HIV

HIV is a virus spread through body fluids that affects specific cells of the immune system, called CD4 cells, or T cells. Over time, HIV can destroy so many of these cells that the body can’t fight off infections and disease. When this happens, HIV infection leads to AIDS.

It has been almost 35 years since the world was introduced to the term AIDS. In the 1980s, researchers and physicians were trying to understand what was causing waves of strange infections and discovered it was a new virus called the human immunodeficiency virus, or HIV. Since that time, HIV has gone from a death sentence to a manageable chronic disease. Today, it is estimated that 1.2 million people are living with HIV in the United States and 50,000 Americans are infected with HIV every year.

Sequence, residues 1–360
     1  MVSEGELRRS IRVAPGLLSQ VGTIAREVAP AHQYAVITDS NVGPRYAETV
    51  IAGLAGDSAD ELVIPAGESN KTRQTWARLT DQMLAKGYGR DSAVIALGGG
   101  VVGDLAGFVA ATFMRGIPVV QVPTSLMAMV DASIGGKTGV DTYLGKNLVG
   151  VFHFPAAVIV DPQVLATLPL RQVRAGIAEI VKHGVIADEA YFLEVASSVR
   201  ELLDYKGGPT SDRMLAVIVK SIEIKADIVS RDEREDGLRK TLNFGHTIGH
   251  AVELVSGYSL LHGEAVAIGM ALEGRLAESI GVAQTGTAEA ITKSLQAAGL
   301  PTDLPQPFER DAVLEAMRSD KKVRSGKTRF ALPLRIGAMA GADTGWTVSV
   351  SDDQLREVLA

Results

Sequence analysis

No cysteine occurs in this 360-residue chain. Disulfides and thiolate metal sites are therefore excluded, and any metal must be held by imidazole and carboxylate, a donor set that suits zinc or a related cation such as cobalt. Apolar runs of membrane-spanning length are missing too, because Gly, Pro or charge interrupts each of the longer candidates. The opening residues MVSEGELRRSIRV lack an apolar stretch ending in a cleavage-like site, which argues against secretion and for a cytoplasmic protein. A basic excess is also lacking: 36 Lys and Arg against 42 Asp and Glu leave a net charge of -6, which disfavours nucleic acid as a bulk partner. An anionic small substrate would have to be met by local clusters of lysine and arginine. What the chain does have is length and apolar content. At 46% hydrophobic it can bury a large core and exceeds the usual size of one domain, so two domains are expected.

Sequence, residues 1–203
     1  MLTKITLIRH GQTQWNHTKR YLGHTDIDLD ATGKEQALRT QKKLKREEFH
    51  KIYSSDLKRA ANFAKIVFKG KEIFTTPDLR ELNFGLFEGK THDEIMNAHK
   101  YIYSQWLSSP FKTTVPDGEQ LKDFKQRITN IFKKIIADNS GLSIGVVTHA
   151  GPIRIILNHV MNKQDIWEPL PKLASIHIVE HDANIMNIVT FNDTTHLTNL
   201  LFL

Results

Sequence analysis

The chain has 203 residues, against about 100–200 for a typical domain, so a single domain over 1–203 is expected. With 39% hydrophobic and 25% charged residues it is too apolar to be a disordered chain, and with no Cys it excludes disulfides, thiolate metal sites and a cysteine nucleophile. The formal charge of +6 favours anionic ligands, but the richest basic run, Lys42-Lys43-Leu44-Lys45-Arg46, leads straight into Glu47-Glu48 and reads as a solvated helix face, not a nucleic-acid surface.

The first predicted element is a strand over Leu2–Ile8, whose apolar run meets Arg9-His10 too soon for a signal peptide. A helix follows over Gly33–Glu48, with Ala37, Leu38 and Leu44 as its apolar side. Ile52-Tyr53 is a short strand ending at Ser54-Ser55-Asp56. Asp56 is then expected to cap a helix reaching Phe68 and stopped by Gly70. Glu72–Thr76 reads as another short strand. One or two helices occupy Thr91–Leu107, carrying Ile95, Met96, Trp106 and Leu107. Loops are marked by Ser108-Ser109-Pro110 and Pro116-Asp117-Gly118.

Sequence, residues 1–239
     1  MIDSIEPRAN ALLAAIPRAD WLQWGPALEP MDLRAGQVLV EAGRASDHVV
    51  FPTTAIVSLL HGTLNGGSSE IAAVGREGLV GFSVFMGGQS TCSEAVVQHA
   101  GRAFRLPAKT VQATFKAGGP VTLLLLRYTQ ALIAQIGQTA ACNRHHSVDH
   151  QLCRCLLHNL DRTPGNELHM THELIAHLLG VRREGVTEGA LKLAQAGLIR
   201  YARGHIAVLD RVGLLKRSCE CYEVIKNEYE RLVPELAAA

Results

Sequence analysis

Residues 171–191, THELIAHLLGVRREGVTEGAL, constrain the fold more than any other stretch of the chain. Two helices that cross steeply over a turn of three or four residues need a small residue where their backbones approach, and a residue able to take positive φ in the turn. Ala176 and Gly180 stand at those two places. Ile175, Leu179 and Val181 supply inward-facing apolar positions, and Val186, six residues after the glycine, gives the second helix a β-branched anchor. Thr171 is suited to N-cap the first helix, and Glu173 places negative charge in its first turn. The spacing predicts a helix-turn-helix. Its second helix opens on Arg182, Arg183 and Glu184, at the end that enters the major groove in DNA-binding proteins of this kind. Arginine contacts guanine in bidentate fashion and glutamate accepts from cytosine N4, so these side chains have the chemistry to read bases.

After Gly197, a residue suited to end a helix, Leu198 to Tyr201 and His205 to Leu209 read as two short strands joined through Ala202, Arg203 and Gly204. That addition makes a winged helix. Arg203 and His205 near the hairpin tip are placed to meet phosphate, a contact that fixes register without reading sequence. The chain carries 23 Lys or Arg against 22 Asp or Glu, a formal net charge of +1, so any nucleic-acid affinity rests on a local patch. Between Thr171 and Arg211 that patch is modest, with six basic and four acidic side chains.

Thanks to treatment advances, people with HIV can and do live long and full lives. Today, people are generally treated with a single, once-a-day, fixed-dose tablet that combines multiple drugs. Now, people living with HIV are going to college, working, volunteering, getting married and having children. The disease has progressed from a death sentence to a treatable chronic disease.